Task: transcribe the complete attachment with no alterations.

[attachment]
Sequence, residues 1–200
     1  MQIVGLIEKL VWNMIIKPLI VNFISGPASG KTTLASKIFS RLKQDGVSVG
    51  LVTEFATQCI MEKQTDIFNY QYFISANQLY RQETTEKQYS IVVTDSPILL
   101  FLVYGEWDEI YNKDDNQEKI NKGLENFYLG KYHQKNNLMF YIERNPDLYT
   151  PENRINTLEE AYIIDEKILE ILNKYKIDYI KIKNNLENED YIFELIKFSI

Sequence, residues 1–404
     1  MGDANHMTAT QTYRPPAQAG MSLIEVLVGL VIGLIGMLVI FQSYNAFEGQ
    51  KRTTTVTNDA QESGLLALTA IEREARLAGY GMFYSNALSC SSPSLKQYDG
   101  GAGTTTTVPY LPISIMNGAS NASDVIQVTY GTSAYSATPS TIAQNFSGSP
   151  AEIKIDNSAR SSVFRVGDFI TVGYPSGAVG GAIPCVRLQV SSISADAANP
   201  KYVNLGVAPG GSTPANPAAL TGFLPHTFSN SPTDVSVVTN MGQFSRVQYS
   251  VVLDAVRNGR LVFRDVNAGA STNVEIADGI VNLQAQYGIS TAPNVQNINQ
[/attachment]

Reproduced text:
Sequence, residues 1–200
     1  MQIVGLIEKL VWNMIIKPLI VNFISGPASG KTTLASKIFS RLKQDGVSVG
    51  LVTEFATQCI MEKQTDIFNY QYFISANQLY RQETTEKQYS IVVTDSPILL
   101  FLVYGEWDEI YNKDDNQEKI NKGLENFYLG KYHQKNNLMF YIERNPDLYT
   151  PENRINTLEE AYIIDEKILE ILNKYKIDYI KIKNNLENED YIFELIKFSI

Sequence, residues 1–404
     1  MGDANHMTAT QTYRPPAQAG MSLIEVLVGL VIGLIGMLVI FQSYNAFEGQ
    51  KRTTTVTNDA QESGLLALTA IEREARLAGY GMFYSNALSC SSPSLKQYDG
   101  GAGTTTTVPY LPISIMNGAS NASDVIQVTY GTSAYSATPS TIAQNFSGSP
   151  AEIKIDNSAR SSVFRVGDFI TVGYPSGAVG GAIPCVRLQV SSISADAANP
   201  KYVNLGVAPG GSTPANPAAL TGFLPHTFSN SPTDVSVVTN MGQFSRVQYS
   251  VVLDAVRNGR LVFRDVNAGA STNVEIADGI VNLQAQYGIS TAPNVQNINQ